Arian Foster

Jimbo: Jameis crab hook-up an isolated incident, no NCAA issues

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Wednesday morning brought the acknowledgement from Jameis Winston that his infamous shoplifting of crab legs last year was actually a “hook-up” from a friend who worked at the Tallahassee grocery store.  Winston also revealed that the same friend had hooked him up with a birthday cake for another friend a week before as well.

Those twin revelations set tongues a wagging, especially amongst the anti-Florida State crowd, that Winston had pushed FSU into a realm that could result in punitive penalties being brought down by the NCAA on the football program.

Coincidentally, Winston’s former head coach, Jimbo Fisher, was previously scheduled to speak to media types in an ACC conference call.  Of course, Fisher was asked about his former player’s admissions.

“If he says it is I guess it is,” Fisher said when asked about the admission.

According to the coach, the FSU compliance department looked into the issue at the time — they contacted the Publix store — and found it to be an isolated incident, although Winston’s public comments has the department taking a peek yet again. “[T]hey think it’s totally an isolated incident that happened and [we’re in] the process working it right now. So I don’t think it’s anything else more than that,” Fisher said.

If Winston had decided to return for another season with the Seminoles and made that admission — and no other incidents were uncovered during an investigation — he likely would’ve had his eligibility stripped until he made restitution for the hook-up — $33 for the seafood and an unknown amount for the cake. He would’ve faced no game suspension, unless the value of the cake was $67 or more as NCAA bylaws call for a suspension of 10 percent of that sport’s regular season games — in this case, 1.2 would’ve been rounded down to one game — for impermissible benefits that range from $100-$400 in value; anything below $100 is restitution only.

As for the FSU football program? Unless it was a systematic issue that involved multiple players over numerous years and the university failed to report it, a slap on the wrist for a very secondary violation, at most, would be in the offing. After all, if Arian Foster can admit numerous times that he took upwards of $50,000 from boosters during his time at Tennessee and nothing comes of it, I don’t know why Winston’s admission of free seafood and cake that likely totaled less than $100 would be of interest to the NCAA.

Then again, this is the NCAA we’re discussing, so…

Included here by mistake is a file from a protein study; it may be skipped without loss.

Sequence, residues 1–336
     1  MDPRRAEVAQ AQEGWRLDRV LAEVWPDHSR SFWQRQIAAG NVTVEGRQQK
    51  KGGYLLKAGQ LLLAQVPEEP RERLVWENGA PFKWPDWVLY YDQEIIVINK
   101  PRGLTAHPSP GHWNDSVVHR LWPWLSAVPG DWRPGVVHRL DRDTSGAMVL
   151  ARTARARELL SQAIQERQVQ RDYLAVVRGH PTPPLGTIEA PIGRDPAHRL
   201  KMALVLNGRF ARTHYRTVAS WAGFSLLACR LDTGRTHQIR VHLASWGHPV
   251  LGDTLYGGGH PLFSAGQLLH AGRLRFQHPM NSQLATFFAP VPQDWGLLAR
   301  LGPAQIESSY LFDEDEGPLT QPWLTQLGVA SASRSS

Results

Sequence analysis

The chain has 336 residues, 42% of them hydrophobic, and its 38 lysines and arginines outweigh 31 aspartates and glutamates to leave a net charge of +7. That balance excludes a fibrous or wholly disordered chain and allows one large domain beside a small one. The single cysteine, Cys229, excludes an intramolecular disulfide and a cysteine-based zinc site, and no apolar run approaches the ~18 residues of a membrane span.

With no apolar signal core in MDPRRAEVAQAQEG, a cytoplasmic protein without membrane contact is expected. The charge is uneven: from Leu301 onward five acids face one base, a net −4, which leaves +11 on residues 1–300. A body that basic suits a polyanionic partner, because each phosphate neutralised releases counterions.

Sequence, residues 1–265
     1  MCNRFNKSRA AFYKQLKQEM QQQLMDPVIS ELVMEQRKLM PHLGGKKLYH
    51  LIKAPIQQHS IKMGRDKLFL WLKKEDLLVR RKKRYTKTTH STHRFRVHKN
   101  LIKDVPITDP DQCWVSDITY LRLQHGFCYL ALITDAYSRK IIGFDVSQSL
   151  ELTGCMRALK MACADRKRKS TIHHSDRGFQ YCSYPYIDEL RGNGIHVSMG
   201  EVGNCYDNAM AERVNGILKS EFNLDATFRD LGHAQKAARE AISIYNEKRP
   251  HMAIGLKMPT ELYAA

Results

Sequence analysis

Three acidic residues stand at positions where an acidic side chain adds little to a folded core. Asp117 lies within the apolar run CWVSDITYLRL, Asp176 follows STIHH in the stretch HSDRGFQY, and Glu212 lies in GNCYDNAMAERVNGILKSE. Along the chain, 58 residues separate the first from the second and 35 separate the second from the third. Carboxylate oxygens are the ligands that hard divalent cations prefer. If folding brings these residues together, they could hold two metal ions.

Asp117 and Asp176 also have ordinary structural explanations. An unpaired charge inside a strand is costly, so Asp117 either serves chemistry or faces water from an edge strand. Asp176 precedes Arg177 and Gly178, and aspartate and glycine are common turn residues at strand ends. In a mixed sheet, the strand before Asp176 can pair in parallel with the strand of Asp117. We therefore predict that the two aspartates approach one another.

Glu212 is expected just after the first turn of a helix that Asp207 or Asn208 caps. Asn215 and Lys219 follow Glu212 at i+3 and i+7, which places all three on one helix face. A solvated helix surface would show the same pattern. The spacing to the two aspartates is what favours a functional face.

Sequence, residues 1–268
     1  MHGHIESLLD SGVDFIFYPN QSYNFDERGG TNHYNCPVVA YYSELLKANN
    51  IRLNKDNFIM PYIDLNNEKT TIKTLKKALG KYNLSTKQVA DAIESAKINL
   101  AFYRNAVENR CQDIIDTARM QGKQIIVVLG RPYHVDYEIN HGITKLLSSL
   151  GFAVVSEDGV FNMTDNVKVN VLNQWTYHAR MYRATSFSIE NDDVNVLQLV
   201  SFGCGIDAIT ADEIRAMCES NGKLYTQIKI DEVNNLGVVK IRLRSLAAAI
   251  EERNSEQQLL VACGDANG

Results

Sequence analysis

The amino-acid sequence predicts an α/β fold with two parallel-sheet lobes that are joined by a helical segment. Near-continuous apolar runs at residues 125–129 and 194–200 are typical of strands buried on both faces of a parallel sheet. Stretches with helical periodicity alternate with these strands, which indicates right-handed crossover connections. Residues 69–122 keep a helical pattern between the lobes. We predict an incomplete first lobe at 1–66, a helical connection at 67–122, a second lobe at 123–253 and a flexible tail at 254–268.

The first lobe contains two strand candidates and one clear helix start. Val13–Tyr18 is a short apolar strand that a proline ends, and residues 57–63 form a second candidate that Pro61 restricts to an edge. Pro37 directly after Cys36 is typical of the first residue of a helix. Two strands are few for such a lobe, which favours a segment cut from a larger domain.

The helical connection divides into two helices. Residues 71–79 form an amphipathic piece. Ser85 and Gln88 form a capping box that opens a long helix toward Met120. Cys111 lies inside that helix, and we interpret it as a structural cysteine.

Arian Foster says he accepted ’40, 50 grand’ from Vols boosters

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It’s not exactly a shock that Arian Foster stated during an interview Friday that he had accepted money from boosters during his time playing running back at Tennessee; in a documentary that aired in 2013, Foster acknowledged as much.

This time around, though, Foster got into specific dollar amounts, which always piques the interest of some.

During the radio interview with Dan LeBatard Thursday, the current Houston Texans running back was asked about receiving what would be impermissible cash benefits from UT boosters while he was a player.  From the Knoxville News:

“You have people help you out here and there,” Foster said Thursday on the Dan LeBatard show. “Boosters and alumni and ex-players, they all know how it is, man. It’s hard living check to check when you don’t have enough money to go out to the movies or any kind of leisure activity. And you’re not allowed to get a job. Especially when I was in college, they were a lot more stringent on those rules, so at any given chance I got the opportunity, I took a free handout. Absolutely.”

LeBatard pushed Foster for an exact dollar figure. Foster guessed that it was “40, 50 grand throughout my entire career.”

Foster was in Knoxville from 2004-08. His coach during that time was Phillip Fulmer, who released a statement after Foster’s comments in the 2013 documentary became public.

“As the head coach at Tennessee for 17 years, I took great pride in having a program that was NCAA compliant, as did our staff and administration,” Fulmer said at the time. “If we knew of a violation, big or small, we reported it.”

Foster’s comments come amidst a push, especially amongst the Power Five conferences, to put some of the billions of dollars the sports makes back into the pockets of the players in the form of bridging the cost-of-attendance gap. They also come one day after Seattle Seahawk defensive end Michael Bennett called the NCAA “one of the biggest scams in America.”

UPDATED 3:04 p.m. ET: That certainly didn’t take long.

Shortly after we posted the above, UT fans took to Twitter to blast Foster for his admissions during the radio interview yesterday.  At first Foster took this tack…

… and then, as the rhetoric from the other side began to ratchet up, he changed course…